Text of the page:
Perspective: Tissue-Engineering the Intestine- The Trials before the Trials
INTENS Consortium discuss experimental considerations and challenges for generating a tissue-engineered intestine for the treatment of short bowel syndrome, taking into account cell source, scaffold choice, and design strategy for achieving proper assembly and function.
Current cell and gene therapies with market authorization (Cuende et al., 2018) include multiple approaches for skin, cornea, bone, or cartilage and CAR-T cell therapies. In addition, pluripotent stem cells (PSCs) have been delivered into the immune-privileged space of the retina. This first-in-human progress occurred with single cell types that do not require spatial or mechanical obligations. However, moving to more complex tissues, such as the intestine, presents increased obstacles such as motility, numerous differentiated cell types, three-dimensional convolution, conductance of luminal flow, and microbial interaction. Even for partial organ replacement, which might be clinically useful in certain cases, these requirements must be fulfilled by any therapeutically viable tissue-engineered candidate.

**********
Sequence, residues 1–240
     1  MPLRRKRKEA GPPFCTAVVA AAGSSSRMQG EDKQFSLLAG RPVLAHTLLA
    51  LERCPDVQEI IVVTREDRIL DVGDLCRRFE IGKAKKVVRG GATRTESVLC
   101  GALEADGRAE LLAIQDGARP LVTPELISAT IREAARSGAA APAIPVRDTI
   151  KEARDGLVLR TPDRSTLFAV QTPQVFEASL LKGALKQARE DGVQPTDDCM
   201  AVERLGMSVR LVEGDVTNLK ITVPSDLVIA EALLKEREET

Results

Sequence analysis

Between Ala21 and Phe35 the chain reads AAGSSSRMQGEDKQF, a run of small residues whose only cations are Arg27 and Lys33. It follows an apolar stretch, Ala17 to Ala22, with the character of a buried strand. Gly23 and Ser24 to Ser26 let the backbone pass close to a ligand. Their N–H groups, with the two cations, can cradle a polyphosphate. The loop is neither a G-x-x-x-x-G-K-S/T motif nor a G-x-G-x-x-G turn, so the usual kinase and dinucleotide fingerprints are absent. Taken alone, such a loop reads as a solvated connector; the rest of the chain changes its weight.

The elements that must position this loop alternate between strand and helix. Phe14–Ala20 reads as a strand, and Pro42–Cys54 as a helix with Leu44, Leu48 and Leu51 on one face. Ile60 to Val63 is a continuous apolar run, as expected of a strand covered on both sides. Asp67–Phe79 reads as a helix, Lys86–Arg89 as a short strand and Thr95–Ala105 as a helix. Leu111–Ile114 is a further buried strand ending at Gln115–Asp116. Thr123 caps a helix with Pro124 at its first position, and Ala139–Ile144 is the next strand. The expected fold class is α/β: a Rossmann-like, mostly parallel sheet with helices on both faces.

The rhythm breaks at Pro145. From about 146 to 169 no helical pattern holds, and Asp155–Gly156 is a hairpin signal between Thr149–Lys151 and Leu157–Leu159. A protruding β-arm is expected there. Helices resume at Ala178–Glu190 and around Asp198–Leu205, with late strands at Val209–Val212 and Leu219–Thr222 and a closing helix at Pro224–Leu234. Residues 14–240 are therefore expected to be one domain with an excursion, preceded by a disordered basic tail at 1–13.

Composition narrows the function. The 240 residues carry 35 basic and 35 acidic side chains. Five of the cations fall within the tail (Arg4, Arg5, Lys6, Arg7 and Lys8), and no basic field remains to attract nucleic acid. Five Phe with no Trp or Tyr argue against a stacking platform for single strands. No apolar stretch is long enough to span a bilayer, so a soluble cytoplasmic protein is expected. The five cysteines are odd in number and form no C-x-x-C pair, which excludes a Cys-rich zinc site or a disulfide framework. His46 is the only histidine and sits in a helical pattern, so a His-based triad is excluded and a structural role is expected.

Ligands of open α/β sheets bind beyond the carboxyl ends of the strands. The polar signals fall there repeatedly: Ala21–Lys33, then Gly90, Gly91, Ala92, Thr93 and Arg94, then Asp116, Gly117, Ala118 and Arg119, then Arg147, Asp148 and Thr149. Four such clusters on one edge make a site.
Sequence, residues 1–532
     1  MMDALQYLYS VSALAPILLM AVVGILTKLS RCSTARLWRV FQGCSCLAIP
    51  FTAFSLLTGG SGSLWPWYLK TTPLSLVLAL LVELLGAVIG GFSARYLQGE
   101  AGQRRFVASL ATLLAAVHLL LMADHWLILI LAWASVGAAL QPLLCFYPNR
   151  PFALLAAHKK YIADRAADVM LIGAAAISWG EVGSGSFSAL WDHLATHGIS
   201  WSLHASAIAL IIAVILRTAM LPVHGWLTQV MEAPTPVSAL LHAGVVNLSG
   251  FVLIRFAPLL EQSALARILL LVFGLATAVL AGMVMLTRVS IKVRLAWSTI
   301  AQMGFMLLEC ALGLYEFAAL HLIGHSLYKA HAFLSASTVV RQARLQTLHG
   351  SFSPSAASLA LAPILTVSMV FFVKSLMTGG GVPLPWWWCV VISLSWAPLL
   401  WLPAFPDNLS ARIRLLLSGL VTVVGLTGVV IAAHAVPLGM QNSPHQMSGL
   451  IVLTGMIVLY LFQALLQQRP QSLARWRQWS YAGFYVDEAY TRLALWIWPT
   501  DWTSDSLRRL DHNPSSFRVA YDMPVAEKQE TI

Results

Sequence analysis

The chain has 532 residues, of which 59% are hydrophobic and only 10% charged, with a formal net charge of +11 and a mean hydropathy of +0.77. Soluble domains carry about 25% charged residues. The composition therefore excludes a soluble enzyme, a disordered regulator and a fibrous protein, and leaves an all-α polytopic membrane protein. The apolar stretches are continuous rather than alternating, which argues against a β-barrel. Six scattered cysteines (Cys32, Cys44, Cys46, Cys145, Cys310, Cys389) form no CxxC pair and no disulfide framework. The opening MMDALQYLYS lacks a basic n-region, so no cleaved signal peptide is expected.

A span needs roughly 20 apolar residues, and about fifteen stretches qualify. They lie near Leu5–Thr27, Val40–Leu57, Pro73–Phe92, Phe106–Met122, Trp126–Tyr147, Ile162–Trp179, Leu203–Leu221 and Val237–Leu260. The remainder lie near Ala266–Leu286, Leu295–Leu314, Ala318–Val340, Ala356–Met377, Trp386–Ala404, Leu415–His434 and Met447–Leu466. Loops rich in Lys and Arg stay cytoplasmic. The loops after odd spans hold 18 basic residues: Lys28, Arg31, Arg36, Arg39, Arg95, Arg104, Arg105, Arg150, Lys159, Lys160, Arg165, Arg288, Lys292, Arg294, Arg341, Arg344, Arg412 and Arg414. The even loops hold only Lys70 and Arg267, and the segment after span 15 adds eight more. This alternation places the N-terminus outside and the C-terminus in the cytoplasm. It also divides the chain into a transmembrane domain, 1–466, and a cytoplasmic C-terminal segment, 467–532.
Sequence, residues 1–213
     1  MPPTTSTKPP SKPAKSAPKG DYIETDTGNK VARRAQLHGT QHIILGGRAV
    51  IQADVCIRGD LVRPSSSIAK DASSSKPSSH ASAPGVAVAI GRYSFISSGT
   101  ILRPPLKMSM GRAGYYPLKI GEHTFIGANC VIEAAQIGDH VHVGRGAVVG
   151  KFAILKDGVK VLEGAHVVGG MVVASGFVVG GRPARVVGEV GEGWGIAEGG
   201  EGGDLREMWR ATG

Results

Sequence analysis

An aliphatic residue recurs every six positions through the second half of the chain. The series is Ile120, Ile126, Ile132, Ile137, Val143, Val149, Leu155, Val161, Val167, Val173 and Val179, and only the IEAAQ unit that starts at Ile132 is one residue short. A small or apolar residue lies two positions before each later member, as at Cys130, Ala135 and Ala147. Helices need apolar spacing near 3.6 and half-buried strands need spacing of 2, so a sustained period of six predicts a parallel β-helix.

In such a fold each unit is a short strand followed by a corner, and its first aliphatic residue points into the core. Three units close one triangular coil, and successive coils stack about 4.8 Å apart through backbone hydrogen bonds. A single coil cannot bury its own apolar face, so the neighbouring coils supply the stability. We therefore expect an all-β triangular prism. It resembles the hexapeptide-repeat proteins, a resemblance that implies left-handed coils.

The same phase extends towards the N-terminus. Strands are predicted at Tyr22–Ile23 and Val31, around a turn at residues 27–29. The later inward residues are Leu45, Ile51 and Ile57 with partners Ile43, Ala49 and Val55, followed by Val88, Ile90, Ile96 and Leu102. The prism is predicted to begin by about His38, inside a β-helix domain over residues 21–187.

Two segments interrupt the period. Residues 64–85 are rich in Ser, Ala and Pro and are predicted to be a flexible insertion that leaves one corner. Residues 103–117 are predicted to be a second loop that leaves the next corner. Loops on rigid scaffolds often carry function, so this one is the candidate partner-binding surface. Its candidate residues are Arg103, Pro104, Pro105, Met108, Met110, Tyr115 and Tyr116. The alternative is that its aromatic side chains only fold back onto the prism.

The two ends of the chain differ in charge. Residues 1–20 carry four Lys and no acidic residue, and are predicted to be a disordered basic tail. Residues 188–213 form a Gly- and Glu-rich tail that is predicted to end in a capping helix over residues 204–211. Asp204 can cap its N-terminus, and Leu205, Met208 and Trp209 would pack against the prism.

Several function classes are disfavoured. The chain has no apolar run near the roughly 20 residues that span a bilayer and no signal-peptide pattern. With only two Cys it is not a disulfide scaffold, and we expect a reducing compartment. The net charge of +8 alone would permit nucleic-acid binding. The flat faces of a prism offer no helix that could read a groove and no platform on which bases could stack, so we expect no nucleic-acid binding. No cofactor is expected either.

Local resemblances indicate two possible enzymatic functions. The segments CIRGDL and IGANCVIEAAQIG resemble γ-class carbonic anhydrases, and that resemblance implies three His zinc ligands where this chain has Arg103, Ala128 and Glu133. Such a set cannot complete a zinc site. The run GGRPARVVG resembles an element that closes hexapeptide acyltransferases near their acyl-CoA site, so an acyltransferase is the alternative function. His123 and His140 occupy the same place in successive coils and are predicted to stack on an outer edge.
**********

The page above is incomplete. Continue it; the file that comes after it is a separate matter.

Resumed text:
Clevers, H., Conder, R.K., Li, V.S.W., Lutolf, M.P., Vallier, L., Chan, S., Grikscheit, T.C., Jensen, K.B., De Coppi, P. (2019) Tissue-Engineering the intestine: The Trials before the Trials. Cell Stem Cell, 24, 855-859, doi: 10.1016/j.stem.2019.04.018.
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The overall aim of the INTENS Consortium is to deliver a functional bowel reconstruction to patients with this rare disease (SBS) through an autologous tissue engineering strategy, overcoming the shortage of organs, and avoiding the need for immunosuppression. It will be achieved by identifying the best autologous cell source; providing the ideal scaffold; engineering functional intestine for transplantation and engaging with patients, scientists and public. The work is designed to lead directly to a clinical trial for the application of the optimal protocol for tissue-engineered intestine.